5. Prioritize Adequate Sleep
Eating the most nutritious diet and taking the right supplements will never be a replacement for getting enough restorative sleep. Research shows that poor sleep is linked to hormonal imbalances in insulin, cortisol, and our hunger hormones. Poor sleep can also disrupt sex hormone production, leading to menstrual irregularities and infertility. On average, women need 7-9 hours of sleep per night. If you’re struggling to get enough sleep or adequate sleep, try working on sleep hygiene. Establish a relaxing nighttime routine, discontinue screen time one hour before bedtime, and make sure you’re sleeping in a dark and cool environment.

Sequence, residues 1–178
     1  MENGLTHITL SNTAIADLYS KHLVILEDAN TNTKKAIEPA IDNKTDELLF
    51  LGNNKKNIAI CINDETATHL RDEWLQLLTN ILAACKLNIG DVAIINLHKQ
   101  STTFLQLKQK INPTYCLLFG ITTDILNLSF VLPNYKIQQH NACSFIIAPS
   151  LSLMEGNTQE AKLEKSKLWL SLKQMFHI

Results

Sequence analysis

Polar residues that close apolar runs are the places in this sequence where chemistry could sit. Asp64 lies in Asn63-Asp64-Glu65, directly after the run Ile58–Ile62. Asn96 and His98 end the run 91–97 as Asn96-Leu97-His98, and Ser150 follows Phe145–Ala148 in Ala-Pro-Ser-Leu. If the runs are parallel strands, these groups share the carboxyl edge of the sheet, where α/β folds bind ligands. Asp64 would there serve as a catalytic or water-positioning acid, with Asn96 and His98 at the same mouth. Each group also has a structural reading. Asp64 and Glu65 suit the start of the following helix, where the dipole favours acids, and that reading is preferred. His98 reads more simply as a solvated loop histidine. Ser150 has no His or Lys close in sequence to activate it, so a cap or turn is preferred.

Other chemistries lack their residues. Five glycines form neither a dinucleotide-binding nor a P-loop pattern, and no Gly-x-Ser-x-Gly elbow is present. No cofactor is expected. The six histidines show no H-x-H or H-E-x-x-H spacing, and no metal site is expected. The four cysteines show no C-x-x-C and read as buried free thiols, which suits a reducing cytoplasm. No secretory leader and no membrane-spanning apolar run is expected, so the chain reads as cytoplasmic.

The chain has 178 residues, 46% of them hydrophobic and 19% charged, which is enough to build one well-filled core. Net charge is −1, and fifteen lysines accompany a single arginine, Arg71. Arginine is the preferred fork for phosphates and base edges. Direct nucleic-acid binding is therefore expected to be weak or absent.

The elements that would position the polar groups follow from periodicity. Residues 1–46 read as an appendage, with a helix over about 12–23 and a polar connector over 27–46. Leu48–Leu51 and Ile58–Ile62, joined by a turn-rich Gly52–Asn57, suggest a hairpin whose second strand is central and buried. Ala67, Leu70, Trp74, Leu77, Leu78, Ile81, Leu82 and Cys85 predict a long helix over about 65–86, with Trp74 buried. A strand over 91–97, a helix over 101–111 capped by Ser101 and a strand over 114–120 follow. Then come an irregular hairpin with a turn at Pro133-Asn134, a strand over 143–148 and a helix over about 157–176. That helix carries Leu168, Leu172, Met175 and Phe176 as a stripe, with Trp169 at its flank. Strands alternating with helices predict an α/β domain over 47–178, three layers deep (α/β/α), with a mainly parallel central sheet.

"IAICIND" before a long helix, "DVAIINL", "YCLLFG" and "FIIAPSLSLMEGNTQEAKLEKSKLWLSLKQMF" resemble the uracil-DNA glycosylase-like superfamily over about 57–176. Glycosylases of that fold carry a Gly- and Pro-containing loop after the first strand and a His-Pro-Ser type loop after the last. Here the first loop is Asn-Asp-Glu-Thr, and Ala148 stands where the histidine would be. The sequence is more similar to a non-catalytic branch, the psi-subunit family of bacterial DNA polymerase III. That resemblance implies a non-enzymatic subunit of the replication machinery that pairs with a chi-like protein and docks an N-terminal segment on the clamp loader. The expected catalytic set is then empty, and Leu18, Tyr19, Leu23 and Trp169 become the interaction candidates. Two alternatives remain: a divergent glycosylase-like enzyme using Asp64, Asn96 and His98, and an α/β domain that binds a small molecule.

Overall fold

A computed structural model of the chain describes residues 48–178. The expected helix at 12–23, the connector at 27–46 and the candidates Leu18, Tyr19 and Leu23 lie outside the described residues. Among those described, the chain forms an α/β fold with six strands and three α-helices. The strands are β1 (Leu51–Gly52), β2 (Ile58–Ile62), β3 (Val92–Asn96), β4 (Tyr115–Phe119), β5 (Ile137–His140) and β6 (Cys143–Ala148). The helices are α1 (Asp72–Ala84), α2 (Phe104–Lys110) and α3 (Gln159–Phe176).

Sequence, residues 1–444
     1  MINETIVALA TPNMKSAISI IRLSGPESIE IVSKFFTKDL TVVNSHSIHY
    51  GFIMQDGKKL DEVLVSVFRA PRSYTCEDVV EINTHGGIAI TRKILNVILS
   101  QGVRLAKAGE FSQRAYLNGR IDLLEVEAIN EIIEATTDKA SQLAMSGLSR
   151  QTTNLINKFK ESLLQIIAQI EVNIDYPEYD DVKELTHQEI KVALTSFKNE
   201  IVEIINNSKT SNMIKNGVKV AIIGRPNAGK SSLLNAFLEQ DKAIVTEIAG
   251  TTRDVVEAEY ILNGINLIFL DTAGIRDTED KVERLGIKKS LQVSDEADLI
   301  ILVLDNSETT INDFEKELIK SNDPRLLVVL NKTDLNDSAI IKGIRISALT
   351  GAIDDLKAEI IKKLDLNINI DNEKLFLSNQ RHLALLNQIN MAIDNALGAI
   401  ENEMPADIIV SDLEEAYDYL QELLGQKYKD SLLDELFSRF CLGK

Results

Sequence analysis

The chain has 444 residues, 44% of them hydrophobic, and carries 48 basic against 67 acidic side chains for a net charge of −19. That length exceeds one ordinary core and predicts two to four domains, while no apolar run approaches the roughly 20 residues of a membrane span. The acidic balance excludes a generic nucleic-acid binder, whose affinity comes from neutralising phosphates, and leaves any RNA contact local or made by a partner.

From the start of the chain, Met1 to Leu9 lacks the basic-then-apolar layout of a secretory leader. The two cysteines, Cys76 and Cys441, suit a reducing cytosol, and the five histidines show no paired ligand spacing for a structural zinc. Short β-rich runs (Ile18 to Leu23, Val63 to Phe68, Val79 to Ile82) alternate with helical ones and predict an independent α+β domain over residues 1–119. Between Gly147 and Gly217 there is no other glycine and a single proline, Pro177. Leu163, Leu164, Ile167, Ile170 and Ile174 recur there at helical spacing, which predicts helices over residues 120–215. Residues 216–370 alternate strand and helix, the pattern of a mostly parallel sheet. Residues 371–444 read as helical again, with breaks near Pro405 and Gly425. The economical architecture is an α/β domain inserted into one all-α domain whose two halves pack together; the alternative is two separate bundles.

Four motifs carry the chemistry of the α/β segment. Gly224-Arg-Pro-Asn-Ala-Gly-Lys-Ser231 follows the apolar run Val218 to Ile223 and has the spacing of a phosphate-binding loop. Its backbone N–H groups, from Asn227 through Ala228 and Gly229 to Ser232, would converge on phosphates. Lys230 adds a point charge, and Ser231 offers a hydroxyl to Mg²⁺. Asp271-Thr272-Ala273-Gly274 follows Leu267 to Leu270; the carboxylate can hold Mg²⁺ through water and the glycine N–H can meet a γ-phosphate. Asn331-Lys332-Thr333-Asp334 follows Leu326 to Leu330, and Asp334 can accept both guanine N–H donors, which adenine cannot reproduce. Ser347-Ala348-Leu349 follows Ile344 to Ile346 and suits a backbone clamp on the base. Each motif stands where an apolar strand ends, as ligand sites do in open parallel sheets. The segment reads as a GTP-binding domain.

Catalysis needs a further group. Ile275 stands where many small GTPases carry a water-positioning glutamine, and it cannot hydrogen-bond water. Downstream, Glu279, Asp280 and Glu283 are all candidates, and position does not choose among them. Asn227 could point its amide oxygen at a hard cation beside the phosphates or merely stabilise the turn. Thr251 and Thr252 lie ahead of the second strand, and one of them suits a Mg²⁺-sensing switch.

6. Encourage Proper Estrogen Metabolism
When healthy, the liver is responsible for detoxifying excess estrogen through two clinical phases known as phase I and phase II metabolism. Phase I metabolism oversees converting estrogens into a new form that can be processed further in phase II. Phase II metabolism is responsible for the subsequent binding of the estrogen that is produced in phase I and promoting the removal of excess estrogen through bowel movements.
If you are not having irregular bowel movements, then only some of the excess estrogen is constantly being eliminated from the body. The excess hormone goes back into circulation and may contribute to estrogen dominance with symptoms like PMS, breast tenderness, and tiredness. This is why gut health is also important to hormonal balance.
7. Optimize Liver Detoxification